Another principle of explanation has to be called in. There can be no doubt that a simple theory of a man's character, or any other complicated phenomenon, has an enormous advantage over a theory which tries to take account of all the facts. Griswold's picture of Poe was not only strongly coloured, but it was simple and consistent. The facts of his life as given by this biographer were not only consistent with themselves and with the gloomy despairing tones of his most famous poems, but they followed naturally upon the circumstances of his birth and his boyhood. His father, a roan of good family, had married an actress, and left his home to go upon the stage with her. The pair died young, and their orphan boy was adopted by a childless wealthy merchant, whose wife indulged him in every caprice, and stimulated his vanity by making him exhibit his precocious talents before her friends. A child thus born and nurtured seemed predestined to an irregular and profligate manhood; and, according to Griswold, he lost no time in fulfilling his destiny. He was sent to the University of Charlottesville, but “a reckless course of dissipation led to his expulsion.” He quarrelled with his adopted father, Mr. Allan, because he would not pay his gambling debts. A reconciliation was effected, and he was entered as a cadet at West Point, but “his wayward and reckless habits and impracticable mind were so much at war with the institution that he was compelled to retire from it within a year.” He was received again at Mr. Allan's house, but “doubtless from gross misconduct on his part, was soon compelled to leave it for ever.” Then he tried to make a living by literature, but his connection with various magazines and newspapers, one after another, was “severed by his irregularities.” He married a cousin, a girl of fourteen, and it is hinted that her death was caused by his irregularities. Much pity was felt for him, and many efforts were made to lift him out of the mire into which he sank deeper and deeper; but his evil habits were confirmed, and he waywardly threw away every chance. The Boston Lyceum invited him to lecture; he went in a state of intoxication, stuttered through one of his juvenile poems, and afterwards insulted his entertainers by saying that it was good enough for the [page 71:] literati of Boston, abusing them as “Frog-pondians.” In spite of all his excesses, an amiable lady of good position and a poetess was willing to marry him, and their wedding day was fixed, but a few days before he presented himself at her house in a state of violent intoxication, and made a disturbance, and the match was broken off. It was a fitting conclusion to such a life that one day in Baltimore, the city of his birth, the poet should have “fallen into one of his frequently recurring fits of intoxication, been carried from the street to the hospital, and there died on Sunday morning.”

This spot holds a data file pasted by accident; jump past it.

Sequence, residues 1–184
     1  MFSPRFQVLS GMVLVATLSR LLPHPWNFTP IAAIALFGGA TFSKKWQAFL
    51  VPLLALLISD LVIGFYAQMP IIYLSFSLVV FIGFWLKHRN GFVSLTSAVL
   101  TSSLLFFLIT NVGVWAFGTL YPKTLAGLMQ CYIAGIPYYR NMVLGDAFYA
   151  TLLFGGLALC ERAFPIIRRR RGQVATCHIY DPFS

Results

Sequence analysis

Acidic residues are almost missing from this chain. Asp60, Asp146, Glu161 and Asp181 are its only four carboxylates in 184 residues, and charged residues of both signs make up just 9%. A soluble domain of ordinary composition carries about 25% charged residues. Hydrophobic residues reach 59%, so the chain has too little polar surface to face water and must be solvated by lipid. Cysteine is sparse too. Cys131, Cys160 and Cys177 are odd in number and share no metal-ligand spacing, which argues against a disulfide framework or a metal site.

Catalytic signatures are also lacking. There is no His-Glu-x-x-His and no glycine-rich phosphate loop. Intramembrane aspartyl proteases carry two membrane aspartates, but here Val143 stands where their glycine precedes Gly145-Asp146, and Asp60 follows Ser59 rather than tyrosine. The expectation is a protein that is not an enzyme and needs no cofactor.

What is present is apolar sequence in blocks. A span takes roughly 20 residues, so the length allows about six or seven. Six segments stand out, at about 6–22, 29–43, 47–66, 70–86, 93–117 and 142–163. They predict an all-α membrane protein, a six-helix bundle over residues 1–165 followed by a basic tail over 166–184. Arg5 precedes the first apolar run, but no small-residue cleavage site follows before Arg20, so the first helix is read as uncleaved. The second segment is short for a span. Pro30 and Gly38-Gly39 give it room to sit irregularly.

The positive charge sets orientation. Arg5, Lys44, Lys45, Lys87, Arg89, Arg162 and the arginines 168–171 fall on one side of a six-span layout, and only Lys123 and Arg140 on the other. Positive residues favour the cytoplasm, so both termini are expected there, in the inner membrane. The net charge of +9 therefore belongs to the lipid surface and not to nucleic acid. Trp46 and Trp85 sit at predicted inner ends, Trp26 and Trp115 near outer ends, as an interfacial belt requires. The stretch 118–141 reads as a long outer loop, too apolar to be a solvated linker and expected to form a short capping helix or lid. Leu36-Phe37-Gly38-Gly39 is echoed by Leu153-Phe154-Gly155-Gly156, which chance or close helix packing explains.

Against a malignant myth like this, so naturally impressive, so simple and complete in its explanation of the poet's life, so harmonious in its details, the complicated truth fights at a hopeless disadvantage. The truth, unfortunately, is complicated. Poe's defenders cannot give the lie direct to all the malicious misrepresentations and insinuations of his biographer; they have to admit ugly facts, and then palliate them or explain them away. A great part of their defence consists in pleading extenuating circumstances — a plea upon which the general mind very properly looks with suspicion. The vindicatory testimony which Mr. Ingram has collected shows conclusively that Griswold's memoir gave a grossly distorted view of Poe's life as a whole, but it cannot be denied that there was an element of truth in many of the alleged incidents. It is not true that Poe was expelled from the University of Charlottesville. It is as far as possible from the truth that he began even then to undermine his constitution by riotous excesses. Mr. Ingram has collected the testimony of Poe's schoolfellows, classfellows, and Professors, and they all agree in describing him as a quiet, orderly, studious youth, successful in carrying off college distinctions. The feature which seems most to have struck his classfellows was a certain melancholy pride and reserve, which Mr. Ingram accounts for as partly constitutional, and partly due to his position as an adopted orphan. That he did not indulge in riotous excesses is sufficiently proved by the fact that he excelled as an athlete, and performed feats of leaping, running, and swimming, with which such excesses are physically incompatible. But it seems to be true that he indulged in gambling; that his gambling debts reached the considerable total of 2,000 dollars, that Mr. Allan refused to pay them, and that he quarrelled with Mr. Allan, and did not return to the University. Further, the records of West Point show that he was expelled from that institution. As against this fact, Mr. Ingram can only argue from internal evidence, which certainly favours his supposition, that for some reason Poe was tired of the institution and the prospect of a military career, and deliberately brought about his expulsion by absenting himself from parades and roll-calls. There is abundant evidence that there was nothing else conspicuously irregular in his conduct, and that all the time he was a great reader of books. When, after this, he quarrelled [page 72:] with Mr. Allan, in consequence apparently of no misconduct more gross than wayward pride, and threw himself upon literature as a profession, there is still no evidence of extraordinary irregularities, and there is abundant evidence of hard work. That prolonged fits of debauchery or negligent execution of duties had anything to do with his giving up editorial work on the Richmond Southern Literary Messenger, or the Philadelphia Gentleman's magazine, or Graham's Magazine, was conclusively refuted, as soon as the charge was made, by the proprietors with whom he had co-operated. There remains the fact that he did frequently change his employment, and that he did, after some eight years of laborious struggle in his profession, begin to yield to the temptation to drink, which gained such a hold upon him in the later years of his life, when he was the mere wreck of what he had been, when his home was broken up by the death of his wife, and his dreams of ambition were threatened with the same doom as his dreams of domestic happiness. But for the fact that Griswold's insinuation that Poe's habits of dissipation were the cause of his misfortunes has been so often repeated since the truth was made known, one could not have believed it possible that such a slander once established, could have survived the exposure of its falsehood by Mr. Graham, the proprietor of the magazine with which the poet was connected: —